This project has received funding from the European Union's Horizon 2020 research and innovation programme under grant agreement No 691624
On 28 September 2012, solar heating experts, planners, and potential customers met in Breadstrup (DK), for a workshop on solar district heating and a tour around the Breadstrup plant. The conference 'Become Part of a Danish Success Story' took place in the framework of the EU project SDHplus.
'What we need next are case studies for innovative business models and integrations', Thomas Pauschinger, Project Coordinator at German research centre Solites, says. Most of the countries which have already participated in the SDHtake-off project are trying to integrate solar thermal into Combined Heat and Power (CHP) plants. About half of the 45 businesses which attended the conference are directly involved in the EU project.
With a collector area of 18600 m2, the Breadstrup solar district heating plant is the second largest in Denmark and the first which integrates solar thermal into a CHP plant. It now combines a heat pump, a borehole storage and an electric boiler. When electric power is needed, the CHP plant is run. When there is too much electricity in the grid, the heat pump and electric boiler convert it into heat. Fully integrated poly-generation plants as this one will be needed more and more during the expansion of wind energy projects in Denmark. As soon as 2020, 50 % of Denmark’s electricity is thought to be generated by wind energy. This means standstill for the CHP plants whenever there is a surplus of electricity and thermal storage will be needed.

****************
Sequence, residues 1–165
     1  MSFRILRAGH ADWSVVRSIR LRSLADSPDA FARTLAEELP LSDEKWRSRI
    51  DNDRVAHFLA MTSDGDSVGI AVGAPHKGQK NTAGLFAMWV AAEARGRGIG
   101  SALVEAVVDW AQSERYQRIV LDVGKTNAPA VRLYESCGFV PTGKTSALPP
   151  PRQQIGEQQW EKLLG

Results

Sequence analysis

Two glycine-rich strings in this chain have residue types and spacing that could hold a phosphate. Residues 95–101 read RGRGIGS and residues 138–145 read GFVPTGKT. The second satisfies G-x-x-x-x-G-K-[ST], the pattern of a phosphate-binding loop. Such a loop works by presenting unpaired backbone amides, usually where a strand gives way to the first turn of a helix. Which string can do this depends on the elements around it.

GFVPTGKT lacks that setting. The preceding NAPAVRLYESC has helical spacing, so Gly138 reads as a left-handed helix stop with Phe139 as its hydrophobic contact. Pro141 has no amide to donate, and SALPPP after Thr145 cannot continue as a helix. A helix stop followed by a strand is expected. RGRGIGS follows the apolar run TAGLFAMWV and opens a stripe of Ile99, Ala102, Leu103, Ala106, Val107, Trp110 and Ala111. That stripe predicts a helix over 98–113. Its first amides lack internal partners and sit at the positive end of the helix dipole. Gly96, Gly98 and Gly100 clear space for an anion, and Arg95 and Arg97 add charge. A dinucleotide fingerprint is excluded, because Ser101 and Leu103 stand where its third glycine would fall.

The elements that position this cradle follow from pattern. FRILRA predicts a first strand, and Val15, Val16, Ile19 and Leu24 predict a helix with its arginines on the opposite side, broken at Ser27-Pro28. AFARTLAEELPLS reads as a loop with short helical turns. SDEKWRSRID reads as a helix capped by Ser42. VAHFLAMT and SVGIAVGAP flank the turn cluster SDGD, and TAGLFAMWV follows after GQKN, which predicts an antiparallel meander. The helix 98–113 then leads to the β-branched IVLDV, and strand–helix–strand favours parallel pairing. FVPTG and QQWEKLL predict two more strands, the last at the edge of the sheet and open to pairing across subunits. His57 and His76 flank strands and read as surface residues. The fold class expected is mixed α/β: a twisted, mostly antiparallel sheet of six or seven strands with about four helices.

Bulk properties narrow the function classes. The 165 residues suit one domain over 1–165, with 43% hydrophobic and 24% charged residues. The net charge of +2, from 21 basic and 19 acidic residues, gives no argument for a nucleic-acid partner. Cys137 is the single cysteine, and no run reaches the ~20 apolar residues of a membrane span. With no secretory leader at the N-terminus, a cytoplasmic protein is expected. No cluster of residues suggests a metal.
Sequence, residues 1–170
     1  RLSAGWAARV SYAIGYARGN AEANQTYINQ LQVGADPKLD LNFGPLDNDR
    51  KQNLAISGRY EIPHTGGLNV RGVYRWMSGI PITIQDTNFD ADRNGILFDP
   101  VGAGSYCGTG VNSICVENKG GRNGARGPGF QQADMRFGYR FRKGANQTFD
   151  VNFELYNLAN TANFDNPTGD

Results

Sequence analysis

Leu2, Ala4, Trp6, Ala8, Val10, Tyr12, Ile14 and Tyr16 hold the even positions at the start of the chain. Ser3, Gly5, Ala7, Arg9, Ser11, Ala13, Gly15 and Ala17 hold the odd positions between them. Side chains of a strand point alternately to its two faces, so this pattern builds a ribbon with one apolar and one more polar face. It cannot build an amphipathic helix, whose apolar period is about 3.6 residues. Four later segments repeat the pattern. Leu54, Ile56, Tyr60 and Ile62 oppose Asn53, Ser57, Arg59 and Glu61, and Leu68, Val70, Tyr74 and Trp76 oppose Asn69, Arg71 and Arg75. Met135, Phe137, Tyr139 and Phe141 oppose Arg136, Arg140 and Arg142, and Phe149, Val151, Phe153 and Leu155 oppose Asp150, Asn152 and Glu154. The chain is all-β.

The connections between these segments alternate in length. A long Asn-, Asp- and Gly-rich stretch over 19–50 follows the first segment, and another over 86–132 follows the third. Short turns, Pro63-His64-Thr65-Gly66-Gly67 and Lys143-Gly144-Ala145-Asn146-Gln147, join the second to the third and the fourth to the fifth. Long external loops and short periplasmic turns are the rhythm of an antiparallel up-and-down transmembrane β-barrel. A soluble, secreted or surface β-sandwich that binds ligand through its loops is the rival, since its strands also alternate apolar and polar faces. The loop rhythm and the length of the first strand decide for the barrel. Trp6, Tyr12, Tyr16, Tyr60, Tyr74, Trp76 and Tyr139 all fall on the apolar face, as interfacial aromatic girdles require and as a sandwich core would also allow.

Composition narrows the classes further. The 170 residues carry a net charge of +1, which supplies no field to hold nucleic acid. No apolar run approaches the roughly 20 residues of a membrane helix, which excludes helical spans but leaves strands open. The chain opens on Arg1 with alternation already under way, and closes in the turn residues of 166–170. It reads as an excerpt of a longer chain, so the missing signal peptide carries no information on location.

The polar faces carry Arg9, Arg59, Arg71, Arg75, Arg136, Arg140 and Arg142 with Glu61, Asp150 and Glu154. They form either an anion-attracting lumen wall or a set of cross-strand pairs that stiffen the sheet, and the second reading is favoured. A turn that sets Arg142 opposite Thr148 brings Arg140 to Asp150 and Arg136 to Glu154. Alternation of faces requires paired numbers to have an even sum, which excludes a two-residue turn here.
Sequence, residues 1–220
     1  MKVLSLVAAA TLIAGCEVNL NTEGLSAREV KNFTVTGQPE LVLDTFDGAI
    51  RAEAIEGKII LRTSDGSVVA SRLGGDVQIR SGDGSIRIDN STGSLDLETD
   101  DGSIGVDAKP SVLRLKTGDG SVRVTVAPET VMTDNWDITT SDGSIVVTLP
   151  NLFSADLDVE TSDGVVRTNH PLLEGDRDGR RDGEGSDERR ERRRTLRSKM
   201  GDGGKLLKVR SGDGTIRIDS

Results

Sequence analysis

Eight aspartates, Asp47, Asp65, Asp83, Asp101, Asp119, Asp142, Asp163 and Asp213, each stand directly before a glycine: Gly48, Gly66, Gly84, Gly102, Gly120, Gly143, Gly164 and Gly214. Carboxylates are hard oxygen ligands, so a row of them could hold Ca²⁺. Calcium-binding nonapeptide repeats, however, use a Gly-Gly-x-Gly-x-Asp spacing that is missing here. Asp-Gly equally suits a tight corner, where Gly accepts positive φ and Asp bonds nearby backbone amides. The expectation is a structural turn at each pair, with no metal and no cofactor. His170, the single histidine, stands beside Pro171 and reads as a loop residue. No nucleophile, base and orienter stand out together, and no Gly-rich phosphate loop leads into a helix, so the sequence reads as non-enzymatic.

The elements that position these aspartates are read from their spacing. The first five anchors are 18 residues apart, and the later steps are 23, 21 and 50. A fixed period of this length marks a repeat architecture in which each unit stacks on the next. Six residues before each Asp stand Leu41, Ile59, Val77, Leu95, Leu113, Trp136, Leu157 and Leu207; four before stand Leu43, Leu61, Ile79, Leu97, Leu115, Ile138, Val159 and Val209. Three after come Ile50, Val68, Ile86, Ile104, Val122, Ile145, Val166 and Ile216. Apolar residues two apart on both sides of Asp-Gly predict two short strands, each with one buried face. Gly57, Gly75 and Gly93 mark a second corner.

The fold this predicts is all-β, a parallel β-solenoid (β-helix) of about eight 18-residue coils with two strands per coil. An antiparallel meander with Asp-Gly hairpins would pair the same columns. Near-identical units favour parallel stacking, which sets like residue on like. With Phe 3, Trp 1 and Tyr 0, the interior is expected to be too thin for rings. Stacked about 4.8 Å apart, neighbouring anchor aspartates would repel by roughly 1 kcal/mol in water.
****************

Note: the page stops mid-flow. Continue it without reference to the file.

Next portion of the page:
In the afternoon of the first conference day, the participants split up in working groups to discuss key figures of several possible real-life projects they provided. Although time was limited and there was not much room for discussion, these examples showed that there are several different options besides the Danish smart grid in which solar district heating makes sense:
There had also been a project meeting one day before the conference. Most of this meeting had been devoted to discussing business models for green heat. The options spanned from cooperations (owned by the customers as has been the case with most Danish plants) to new models, for example, which feed solar heat from the customers’ roof back into the grid.
At the end of the workshop, Pauschinger summed up the days as follows: 'Everybody was very motivated. Many of those who are not part of the EU project have already participated in the conference for the second or third time. This shows that there is serious interest in the topic. I am convinced that at least some of the projects presented here at the workshop will become case studies of SDHplus and that some of these will be built later on.'
Author: Eva Augsten / www.evaaugsten.de
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